Sunday, June 19, 2011

Raising a Writer

For as long as I can remember, my daughter has been telling me that she's not a writer. I have a friend who believes that she is; she asks Tori about her writing and Tori says, "I'm not a writer." My friend laughs because she is herself a writer who wishes she weren't, and also because she's a little bit psychic and she believes otherwise.

The thing is, writer or not, she's got words in her head. Not just words, either, but paragraphs, chapters, characters' entire lives.

Each morning, she shares her plan for the day. And every morning, it begins, "I'm going to write until noon, and then..." This evening, she wrote her first guest post for one of my blogs, though she already has a couple of blogs of her own. She's got the bug, whether she wants it or not.

This makes me wonder whether having words in your brain is genetic, or a function of all that early reading, or grows out of the way you relate to language in childhood or something else I haven't thought of. Somehow, I created a writer, but I have no idea whether I did it by reading to her or talking to her or teaching her to print at three or simply by sharing my DNA.

Wednesday, April 06, 2011

Re-Made in the USA

If there's one thing readers of this blog know about my writing, it's that it's eclectic: fiction, legal analysis, parenting articles, music bios, local newspaper reporting--for me, it's all about the words. Sometimes, though, it's also about the message.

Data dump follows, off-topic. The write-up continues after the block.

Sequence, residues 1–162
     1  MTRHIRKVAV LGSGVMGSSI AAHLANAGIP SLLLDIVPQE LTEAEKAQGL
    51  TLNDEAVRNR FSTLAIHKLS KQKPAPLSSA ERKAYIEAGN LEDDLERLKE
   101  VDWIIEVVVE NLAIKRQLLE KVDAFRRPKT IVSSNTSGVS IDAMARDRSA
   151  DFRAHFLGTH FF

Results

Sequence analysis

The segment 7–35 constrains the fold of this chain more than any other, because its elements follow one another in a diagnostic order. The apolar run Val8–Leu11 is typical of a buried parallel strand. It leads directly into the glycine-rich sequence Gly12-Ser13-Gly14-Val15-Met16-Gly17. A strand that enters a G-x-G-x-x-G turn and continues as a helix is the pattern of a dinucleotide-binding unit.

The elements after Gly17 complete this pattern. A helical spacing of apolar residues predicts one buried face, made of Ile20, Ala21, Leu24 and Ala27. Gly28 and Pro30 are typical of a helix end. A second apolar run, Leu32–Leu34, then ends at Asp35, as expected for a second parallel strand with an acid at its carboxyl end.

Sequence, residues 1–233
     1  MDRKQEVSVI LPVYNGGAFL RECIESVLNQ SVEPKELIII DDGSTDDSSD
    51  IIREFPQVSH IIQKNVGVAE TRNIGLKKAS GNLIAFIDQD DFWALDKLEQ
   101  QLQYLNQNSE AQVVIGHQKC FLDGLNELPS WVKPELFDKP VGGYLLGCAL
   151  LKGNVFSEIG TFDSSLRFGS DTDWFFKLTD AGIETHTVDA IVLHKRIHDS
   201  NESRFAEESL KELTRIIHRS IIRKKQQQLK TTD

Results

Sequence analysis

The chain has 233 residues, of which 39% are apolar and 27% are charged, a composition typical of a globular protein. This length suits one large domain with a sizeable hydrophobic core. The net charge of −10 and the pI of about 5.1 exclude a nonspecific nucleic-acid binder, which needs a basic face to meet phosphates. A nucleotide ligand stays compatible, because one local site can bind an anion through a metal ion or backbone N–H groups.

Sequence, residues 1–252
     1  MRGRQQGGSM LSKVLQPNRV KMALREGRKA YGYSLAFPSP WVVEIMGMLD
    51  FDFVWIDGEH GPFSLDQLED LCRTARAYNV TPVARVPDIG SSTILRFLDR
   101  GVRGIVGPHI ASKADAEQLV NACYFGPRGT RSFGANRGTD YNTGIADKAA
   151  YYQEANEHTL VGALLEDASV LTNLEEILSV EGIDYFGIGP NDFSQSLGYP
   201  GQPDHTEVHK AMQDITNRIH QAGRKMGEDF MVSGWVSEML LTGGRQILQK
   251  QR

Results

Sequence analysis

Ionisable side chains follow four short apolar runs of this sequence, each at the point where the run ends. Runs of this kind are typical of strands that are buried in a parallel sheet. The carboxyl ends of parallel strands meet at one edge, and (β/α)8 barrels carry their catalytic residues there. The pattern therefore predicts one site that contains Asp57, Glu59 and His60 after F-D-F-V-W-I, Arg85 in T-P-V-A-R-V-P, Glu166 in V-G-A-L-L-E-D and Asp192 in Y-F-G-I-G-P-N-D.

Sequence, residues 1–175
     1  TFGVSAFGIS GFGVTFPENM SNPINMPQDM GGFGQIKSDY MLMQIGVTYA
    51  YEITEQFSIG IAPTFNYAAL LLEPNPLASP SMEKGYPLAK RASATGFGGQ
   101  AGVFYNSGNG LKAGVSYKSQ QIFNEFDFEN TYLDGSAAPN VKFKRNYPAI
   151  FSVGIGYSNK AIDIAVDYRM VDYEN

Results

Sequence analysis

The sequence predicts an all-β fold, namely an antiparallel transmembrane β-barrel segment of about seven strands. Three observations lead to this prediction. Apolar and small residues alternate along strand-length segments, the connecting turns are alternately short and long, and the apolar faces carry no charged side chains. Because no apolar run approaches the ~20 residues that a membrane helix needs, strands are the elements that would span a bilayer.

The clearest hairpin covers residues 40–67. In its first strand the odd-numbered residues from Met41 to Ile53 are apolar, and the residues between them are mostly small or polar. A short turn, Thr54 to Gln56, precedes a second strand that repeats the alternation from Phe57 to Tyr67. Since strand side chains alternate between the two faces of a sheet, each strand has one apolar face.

Last fall, I had the amazing opportunity to work with author and international businessman Todd Lipscomb on his book Re-Made in the USA: How We Can Restore Jobs, Retool Manufacturing, and Compete With the World.

I will admit that before I started reading Todd's drafts and talking with him about the issues addressed in his book, I didn't give the trade deficit much thought. Sure, I knew it was a problem, but it was a problem that seemed a bit far removed from day-to-day life and the more immediate issues confronting the society I lived in. I couldn't have been more wrong about that disconnect, and I came out of this book truly wishing every American would read it before it's too late.

Wiley & Sons will release the book on April 12, and I couldn't be more excited. Work like this really drives home the fact that we're all given our talents for a reason, and there's nothing better than being able to put our natural abilities and acquired skills to work in service of a good cause. That's what the author did when he left a lucrative career to found a business selling only goods made in America, and I'm delighted to have had the privilege of helping him get the word out.